You may be having a great time during lunch every day or having wonderful conversations over a cup of coffee, but when it is time to review, it is important, to be honest about the feedback.
It is equally essential to tell the top performers if their attitude is creating more problems in the team than their contribution due to top-rated skills! Handling low performers tactfully is important for high-performing teams.
A great manager is one, who is able to maintain a balance of having good relationships at a personal level, yet be able to give that feedback that is essential for employees to flourish in their roles.
In fact, consistent assessment and regular feedback are important to build great work relationships and enhance bonding. It promotes a culture of transparency, engagement, and self-motivation. Tiptoeing or taking an easy path to convey the message subtly, practically never works neither for the manager-employee nor for the organization.
Every formal and informal feedback can be made meaningful by outlining clear expectations, documenting performance milestones, keeping fact-based evidence for crucial conversations, and encouraging them to ask more questions. While doing all this, a manager should ensure to keep the ‘employee’ and ‘performance’ at the centre of the conversation.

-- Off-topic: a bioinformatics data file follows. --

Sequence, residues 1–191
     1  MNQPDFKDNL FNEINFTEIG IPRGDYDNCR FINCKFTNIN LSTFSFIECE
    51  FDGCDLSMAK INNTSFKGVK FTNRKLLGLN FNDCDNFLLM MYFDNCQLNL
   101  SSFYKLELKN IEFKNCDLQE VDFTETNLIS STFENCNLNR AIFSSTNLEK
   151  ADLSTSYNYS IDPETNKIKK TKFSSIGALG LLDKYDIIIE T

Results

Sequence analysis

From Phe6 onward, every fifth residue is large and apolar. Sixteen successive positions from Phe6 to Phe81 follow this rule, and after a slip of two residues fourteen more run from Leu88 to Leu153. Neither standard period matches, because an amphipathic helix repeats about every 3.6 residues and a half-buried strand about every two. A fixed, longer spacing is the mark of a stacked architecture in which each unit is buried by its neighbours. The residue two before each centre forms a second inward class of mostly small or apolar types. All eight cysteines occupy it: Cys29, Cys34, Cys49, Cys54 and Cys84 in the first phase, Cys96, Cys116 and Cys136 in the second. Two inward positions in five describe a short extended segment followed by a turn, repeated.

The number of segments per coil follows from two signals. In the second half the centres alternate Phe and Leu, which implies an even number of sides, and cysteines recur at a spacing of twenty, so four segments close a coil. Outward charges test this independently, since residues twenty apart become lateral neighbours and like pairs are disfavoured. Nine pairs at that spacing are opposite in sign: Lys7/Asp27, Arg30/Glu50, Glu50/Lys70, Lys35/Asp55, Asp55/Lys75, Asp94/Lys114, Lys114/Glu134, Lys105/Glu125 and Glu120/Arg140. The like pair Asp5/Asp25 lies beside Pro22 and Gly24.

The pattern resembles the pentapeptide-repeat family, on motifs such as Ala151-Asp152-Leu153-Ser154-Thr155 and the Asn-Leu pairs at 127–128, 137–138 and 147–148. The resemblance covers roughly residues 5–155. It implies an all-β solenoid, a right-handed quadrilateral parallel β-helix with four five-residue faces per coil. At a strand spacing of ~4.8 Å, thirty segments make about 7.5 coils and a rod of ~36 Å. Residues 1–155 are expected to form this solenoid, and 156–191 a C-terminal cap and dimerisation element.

Rewarding employees for their high performance, for achieving targets, and for exhibiting the required behaviours is the best way to express appreciation and keep them motivated. The rewards, monetary and non-monetary, make them feel valued, which in turn makes them more engaged.
This not only creates a positive influence on the overall business growth but also takes individual performance to the next level.
Monetary rewards are definitely the best, but even non-monetary rewards are simple and easy through which a manager can encourage the team to give their best. The right words at the right time and in the right forum will create wonders.
A simple email about a ‘great job’ brings in a lot of satisfaction as employees want to know if they have done a good job. An informal gathering over a cup of hi-tea to celebrate a small milestone achieved can add extra speed to the overall project timeline.
Creating a comfort level where your team is able to reach you anytime or guiding them when they need creates a safety net, where employees don’t fear doing new things or making mistakes.
Apart from this, managers can nominate employees for awards, and prizes as well as give certificates, gift vouchers, etc., in any communication platform. Apart from these, one can also think of less expensive and personalized items as giveaways, to have a high impact.
Multiple Roles of a Manager
A manager is someone who has the ability to ‘manage’ the team. To make ordinary people achieve extraordinary results, they have to wear many hats of being a coach, mentor, friend, leader, colleague, etc., depending on the situation.
Another aspect is to realize that the most important thing is not just to know the business, but also to know what matters in business – and that is people.